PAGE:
The first came when speedy des­ig­nated hit­ter Je­lani Brown, start­ing things off, hit a chop­per to the right side, and Weis­man, at first, went after it. Latham, a bit late to break to­ward the bag on the ball, got to first at around the same time as Brown. Weis­man, who didn’t han­dle the ball cleanly at first, flipped to his pitcher, but Brown was called safe on the bang­bang play.

Pritch­ett again ar­gued the call, but Brown stayed at first after the dis­cus­sion, safe on a tie go­ing to the baserun­ner.

Bruce Lucey’s ground ball to Bail­lif at third was good for the first out, and moved Brown to sec­ond base. Weis­man, try­ing to throw be­hind Brown right after the out, tossed it wide of sec­ond base, though, and Brown moved up one more base on the er­ror.

An­drew Goudeaux — Austin’s twin, and older than his brother by 45 min­utes — sin­gled to score Brown, mak­ing it 7-1. John Kil­vin’s base hit kept the in­ning go­ing. Austin Goudeaxu lined out hard to right field, the ball sail­ing too low and quickly for run­ners to have a chance to tag.

The game’s long­est in­ter­rup­tion came dur­ing the next at-bat, by Kyle Spencer. With a 1-2 count, Latham threw a curve ball on the out­side cor­ner, which Spencer waved at and missed, and Tal­bot catcher John Duty caught.

The home plate um­pire made an “out” sig­nal with his right hand, and Tal­bot be­gan to come off the field, believ­ing the third out be­ing recorded. But no ver­bal out call was made.

Duty rose from his crouch, and looked ready to toss the ball to the mound, as is cus­tom when an in­ning ends. But he held the ball, no one left the field, and Spencer, rather than head­ing to the dugout, slowly trot­ted to­ward first.

No throw came. Spencer reached safely, and both run­ners, al­ready in mo­tion on the pitch, moved up as well. After a mo­ment, play was stopped for the sec­ond time in the in­ning as Pritch­ett asked for a time­out, and con­ferred with um­pires again, this time over the third-strike call.

“I caught it,” Duty said of the pitch. “It didn’t hit the ground. If it had, I’d’ve thrown it to first like I al­ways do in that case.”

By rule, if a bat­ter swings at strike-three but the ball hits the ground, the bat­ter is al­lowed to try to run to first if the base is un­oc­cu­pied. A 14-minute stop­page en­sued, cul­mi­nat­ing in a call of a dropped third strike, and Spencer be­ing ruled safe at first on what was ruled a passed ball. The play loaded the bases, Elk­ton stay­ing alive with two outs.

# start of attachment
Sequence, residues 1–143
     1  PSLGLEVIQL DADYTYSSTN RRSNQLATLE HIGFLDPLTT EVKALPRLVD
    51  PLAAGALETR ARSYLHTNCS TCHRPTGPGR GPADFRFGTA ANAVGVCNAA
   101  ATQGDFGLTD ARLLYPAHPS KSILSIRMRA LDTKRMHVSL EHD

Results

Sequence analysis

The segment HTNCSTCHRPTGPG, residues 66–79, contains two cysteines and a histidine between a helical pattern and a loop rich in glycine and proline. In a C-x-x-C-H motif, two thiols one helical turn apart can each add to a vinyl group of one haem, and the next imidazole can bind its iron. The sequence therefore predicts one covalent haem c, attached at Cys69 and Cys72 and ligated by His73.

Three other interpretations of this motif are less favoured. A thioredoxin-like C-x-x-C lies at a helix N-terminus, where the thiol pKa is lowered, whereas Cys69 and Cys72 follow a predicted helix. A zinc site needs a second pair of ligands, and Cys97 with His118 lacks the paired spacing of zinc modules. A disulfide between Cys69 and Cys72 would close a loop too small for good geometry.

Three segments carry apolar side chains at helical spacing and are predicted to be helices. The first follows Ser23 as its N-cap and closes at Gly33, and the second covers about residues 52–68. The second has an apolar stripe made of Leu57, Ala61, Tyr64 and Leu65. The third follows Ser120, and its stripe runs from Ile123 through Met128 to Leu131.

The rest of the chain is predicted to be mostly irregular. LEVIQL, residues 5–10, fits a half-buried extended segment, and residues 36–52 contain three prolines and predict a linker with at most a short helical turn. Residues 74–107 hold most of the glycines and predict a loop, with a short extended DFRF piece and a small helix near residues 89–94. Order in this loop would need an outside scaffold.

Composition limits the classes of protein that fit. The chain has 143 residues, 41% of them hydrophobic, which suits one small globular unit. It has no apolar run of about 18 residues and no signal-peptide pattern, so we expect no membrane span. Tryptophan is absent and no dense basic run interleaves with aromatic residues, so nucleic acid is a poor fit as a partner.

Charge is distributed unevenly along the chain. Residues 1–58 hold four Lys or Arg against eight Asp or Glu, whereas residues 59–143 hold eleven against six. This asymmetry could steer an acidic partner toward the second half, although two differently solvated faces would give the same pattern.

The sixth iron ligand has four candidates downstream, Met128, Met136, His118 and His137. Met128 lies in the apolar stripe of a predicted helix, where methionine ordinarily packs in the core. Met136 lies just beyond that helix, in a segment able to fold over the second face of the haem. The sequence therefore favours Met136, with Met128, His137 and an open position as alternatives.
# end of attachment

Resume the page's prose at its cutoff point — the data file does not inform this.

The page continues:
Latham, how­ever, got the next hit­ter, Harkey, to ground up the mid­dle, forc­ing Spencer out at sec­ond to end the in­ning.

“You never know what to ex­pect in these tourna- ments,” Pritch­ett said of the state event, which al­most got moved to July 16 be­cause Dis­trict 5’s tour­na­ment was only partly com­plete as of Thurs­day. “We don’t usu­ally know the op­po­nents or the setup. But ... for the first game Ma­son threw very well. And re­ally Bran­don threw fairly well, though the one in­ning he pitched, it was kind of choppy for him to deal with, though, be­cause we con­tin­ued dis­cussing things.

“On the swing, the ini­tial call, I thought, was a [third strike], and out catcher cauht the ball. But then I think they [um­pires] thought maybe our catcher didn’t catch it cleanly, and [the bat­ter] ran. ... We prob­a­bly could’ve thrown the ball to first, at that point, but we didn’t. That was the re­sponse that could’ve put it to rest right away.

“After dis­cussing it, and after a phone call, the call... was changed,” Pritch­ett added. “But I don’t think it im­pacted the game a whole, though. ... Bran­don did a nice job and put it be­hind him, then got the out.”

Tal­bot iced things with a four-run fifth.

Cas­sell started the de­ci­sive rally when he reached on an er­ror; Bail­lif lofted a 1-0 fast­ball from Elk­ton re­liever An­drew Lor­man over the left field fence to make it 9-0. Rei­del sin­gled with one out, and two bat­ters later, so did Farr.

As Weis­man, up next, bat­ted, Farr stole sec­ond, putting the game-end­ing 11th run in scor­ing po­si­tion. Weis­man’s at-bat ended with a walk, the fourth ball skip­ping to the fence for a passed ball which brought Rei­del home. Bentz walked to load the bases, and Smoloski then hit a long fly ball to left. At the fence, it fell in for a game-end­ing sin­gle, as Farr came home to so­lid­ify the rout-rule, 11-1 win.

“We’ve got some pitch­ers. I don’t think that’s what cost us to­day. I think we’re much bet­ter than the score in­di­cated to­day,” Lor­man said. “Tal­bot had a bet­ter game than we did def­i­nitely. They’re a good team, but nor­mal game, I don’t think they’re a 10-run­bet­ter team than us. ... It’s deja vu all over again for us, though. We lost to them first game last year, and then won the next few and took states. We just have to do that again.”

“Los­ing the first game’s hard,” Lor­man added. “But we’ll come back to­mor­row and see what we can do. We’ve got a good team, and we lost a game early in last year’s tour­na­ment (in Mau­gansville), and we ran the ta­ble, and won the state tour­na­ment. So any­thing’s pos­si­ble.”

“If you win the first game in dou­ble elim­i­na­tion is key, if you lose the first game it’s a grind,” Pritch­ett said. “I’m glad to get that first win. I know Elk­ton won out last year, though, so we may see them again.”

“I think it’s big for us,” Weis­man added. “But now, we’ve got Ber­lin to­mor­row. And I think that’s go­ing to be our tough­est game so far.”

Bail­lif agreed. “Get­ting the first win’s huge,” he said. “Now we’ve got to come out and see if we can do it again.”

Satur­day’s game was moved up from 4 p.m. to 1 p.m., as a re­sult of two dis­tricts, 2 and 3, not send­ing teams, caus­ing the sev­en­team dou­ble-elim­i­na­tion bracket to be re­drawn to ac­com­mo­date five by Dis­trict 8 of­fi­cials.

Elk­ton de­feated Mau­gansville 6-4 in Sun­day’s elim­i­na­tion game. Look for story on­line and in Wed­nes­day’s Cecil Whig.

Fol­low me on Twit­ter: @Davetalkss­ports.